5. Grievances of teachers will be considered and processed in the following manner:

B. Level One

1. A teacher who believes he/she has cause for a grievance will orally discuss the matter with his principal or supervisor with the objective of resolving the matter informally at the lowest possible administrative level. If there is a failure to resolve the matter, the aggrieved teacher may present his grievance in writing to his principal or supervisor, either directly or through the Association's representative.

2. Written grievances must include a summary of the facts on which the grievance is based and the provision of this agreement the party alleges to have been incorrectly interpreted and applied.

3. If a teacher does not present a grievance in writing to his principal or supervisor within twenty (20) school days after the event or conditions occurred on which the complaint is based, any grievance respective to that matter shall be considered as waived provided the teacher knew, or should have known, of the event or condition.

C. Level Two

1. If no satisfactory decision has been rendered within ten (10) school days after the teacher presented the written grievance in Level One, the aggrieved teacher may within five (5) school days thereafter file the written grievance with the chairman of the Association PR & R Committee.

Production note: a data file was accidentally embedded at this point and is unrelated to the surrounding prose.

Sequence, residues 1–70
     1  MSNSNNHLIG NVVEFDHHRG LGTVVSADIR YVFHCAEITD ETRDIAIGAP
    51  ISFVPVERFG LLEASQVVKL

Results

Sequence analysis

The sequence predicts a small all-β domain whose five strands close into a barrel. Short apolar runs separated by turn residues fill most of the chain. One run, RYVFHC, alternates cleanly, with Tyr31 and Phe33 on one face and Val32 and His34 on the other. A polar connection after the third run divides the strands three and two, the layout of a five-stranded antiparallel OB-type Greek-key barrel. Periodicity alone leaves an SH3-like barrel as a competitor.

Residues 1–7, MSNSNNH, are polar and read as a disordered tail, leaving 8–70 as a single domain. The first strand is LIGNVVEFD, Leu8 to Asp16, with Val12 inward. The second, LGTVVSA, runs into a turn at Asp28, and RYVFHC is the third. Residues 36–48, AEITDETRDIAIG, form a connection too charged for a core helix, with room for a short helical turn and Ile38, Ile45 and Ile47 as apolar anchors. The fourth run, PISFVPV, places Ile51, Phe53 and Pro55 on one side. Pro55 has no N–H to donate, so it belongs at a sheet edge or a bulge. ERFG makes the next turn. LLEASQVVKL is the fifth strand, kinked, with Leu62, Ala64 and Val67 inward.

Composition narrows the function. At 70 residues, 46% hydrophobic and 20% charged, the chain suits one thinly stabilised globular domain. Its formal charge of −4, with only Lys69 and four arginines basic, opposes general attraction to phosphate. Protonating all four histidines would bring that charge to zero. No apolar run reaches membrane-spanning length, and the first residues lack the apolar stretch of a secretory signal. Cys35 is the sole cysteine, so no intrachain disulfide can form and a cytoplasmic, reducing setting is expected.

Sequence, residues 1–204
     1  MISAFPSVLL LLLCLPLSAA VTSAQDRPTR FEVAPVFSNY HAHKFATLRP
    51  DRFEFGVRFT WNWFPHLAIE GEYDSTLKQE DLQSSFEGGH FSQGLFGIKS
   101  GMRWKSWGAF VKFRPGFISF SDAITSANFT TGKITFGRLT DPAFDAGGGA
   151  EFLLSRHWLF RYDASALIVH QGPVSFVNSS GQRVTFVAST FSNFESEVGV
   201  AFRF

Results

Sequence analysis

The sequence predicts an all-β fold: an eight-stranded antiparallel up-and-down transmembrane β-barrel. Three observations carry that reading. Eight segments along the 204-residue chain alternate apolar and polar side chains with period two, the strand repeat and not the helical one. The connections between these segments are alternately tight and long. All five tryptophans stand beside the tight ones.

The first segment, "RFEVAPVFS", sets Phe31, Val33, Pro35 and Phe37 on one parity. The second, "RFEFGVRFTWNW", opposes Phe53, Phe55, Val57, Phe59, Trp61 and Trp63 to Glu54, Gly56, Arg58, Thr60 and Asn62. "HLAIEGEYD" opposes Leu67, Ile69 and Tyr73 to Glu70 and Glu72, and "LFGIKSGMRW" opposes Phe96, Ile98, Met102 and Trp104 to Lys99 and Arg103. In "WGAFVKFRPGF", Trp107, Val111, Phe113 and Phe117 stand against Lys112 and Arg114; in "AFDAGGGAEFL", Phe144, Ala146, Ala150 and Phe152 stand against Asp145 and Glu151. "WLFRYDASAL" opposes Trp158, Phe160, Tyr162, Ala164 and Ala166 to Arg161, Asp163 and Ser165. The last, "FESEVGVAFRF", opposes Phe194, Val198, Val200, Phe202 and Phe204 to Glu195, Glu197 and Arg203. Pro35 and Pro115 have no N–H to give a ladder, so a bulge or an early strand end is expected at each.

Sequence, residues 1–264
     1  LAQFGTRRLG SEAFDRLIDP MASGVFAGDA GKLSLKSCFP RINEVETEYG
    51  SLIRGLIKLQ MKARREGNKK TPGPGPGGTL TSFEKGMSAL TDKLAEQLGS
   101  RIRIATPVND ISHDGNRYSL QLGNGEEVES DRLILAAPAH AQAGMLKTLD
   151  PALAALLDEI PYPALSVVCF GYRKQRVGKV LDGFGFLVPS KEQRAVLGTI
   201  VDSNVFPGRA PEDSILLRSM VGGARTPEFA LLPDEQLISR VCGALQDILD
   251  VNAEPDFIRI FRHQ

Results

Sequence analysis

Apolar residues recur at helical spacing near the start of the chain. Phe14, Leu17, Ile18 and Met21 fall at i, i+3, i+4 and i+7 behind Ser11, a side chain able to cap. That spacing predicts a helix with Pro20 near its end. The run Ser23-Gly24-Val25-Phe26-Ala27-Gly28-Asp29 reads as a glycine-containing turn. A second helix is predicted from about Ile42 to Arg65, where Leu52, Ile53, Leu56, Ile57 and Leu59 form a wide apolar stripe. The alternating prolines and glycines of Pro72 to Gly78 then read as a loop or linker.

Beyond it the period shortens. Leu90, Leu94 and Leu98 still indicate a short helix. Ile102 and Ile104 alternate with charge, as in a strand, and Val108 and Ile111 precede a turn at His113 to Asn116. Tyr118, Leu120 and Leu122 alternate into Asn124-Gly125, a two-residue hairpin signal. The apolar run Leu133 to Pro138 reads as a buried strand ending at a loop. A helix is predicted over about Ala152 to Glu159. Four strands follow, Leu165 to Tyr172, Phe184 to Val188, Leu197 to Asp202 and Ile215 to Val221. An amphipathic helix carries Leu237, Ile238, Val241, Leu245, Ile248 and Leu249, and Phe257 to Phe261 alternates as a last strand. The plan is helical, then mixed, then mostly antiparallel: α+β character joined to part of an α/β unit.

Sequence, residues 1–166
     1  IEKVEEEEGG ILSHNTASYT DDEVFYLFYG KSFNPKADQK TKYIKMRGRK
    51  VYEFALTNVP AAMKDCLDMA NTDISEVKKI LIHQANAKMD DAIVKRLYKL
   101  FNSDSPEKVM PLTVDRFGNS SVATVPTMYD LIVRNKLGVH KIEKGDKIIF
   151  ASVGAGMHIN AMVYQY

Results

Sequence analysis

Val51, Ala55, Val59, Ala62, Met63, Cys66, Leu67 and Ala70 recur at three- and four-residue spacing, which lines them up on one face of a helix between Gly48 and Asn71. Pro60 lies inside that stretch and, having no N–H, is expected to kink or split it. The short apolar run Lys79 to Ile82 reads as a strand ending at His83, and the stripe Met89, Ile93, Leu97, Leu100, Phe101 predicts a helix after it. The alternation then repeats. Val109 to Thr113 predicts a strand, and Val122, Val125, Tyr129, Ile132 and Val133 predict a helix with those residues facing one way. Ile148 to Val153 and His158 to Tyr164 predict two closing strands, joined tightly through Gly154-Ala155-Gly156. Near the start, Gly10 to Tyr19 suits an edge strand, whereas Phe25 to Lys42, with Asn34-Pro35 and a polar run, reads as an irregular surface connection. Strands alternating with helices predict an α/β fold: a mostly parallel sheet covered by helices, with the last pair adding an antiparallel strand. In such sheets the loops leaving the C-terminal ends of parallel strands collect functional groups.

2. Within five (5) school days after receiving the written grievance, the chairman of the PR & R Committee will refer it to the District Administrator or his designee (hereinafter in this article, where the title of District Administrator appears, designee may be substituted therefore).

3. Within ten (10) school days after receipt of the written grievance by the District Administrator, he will meet with the aggrieved teacher and not more than two Association representatives to resolve the grievance.

D. Level Three

1. If no satisfactory decision has been rendered by the District Administrator within fifteen (15) school days after the first meeting with the teacher, the aggrieved teacher may, within five (5) school days thereafter, file the written grievance with the chairman of the PR & R Committee.

2. Within five (5) school days after receiving the written grievance, the PR & R Committee may refer it to the Board or a designated sub-committee of Board members (hereinafter in this article where the title Board appears, sub-committee may be substituted therefore) if the PR & R Committee determines that the grievance is meritorious and in the best interests of the school system.